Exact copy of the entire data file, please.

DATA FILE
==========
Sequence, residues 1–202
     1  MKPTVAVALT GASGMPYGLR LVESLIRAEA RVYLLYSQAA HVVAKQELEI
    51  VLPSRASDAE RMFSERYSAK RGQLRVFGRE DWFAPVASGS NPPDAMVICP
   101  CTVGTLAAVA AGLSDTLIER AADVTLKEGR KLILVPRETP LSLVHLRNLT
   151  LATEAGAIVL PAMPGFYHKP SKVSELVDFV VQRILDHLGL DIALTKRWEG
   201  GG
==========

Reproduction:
Sequence, residues 1–202
     1  MKPTVAVALT GASGMPYGLR LVESLIRAEA RVYLLYSQAA HVVAKQELEI
    51  VLPSRASDAE RMFSERYSAK RGQLRVFGRE DWFAPVASGS NPPDAMVICP
   101  CTVGTLAAVA AGLSDTLIER AADVTLKEGR KLILVPRETP LSLVHLRNLT
   151  LATEAGAIVL PAMPGFYHKP SKVSELVDFV VQRILDHLGL DIALTKRWEG
   201  GG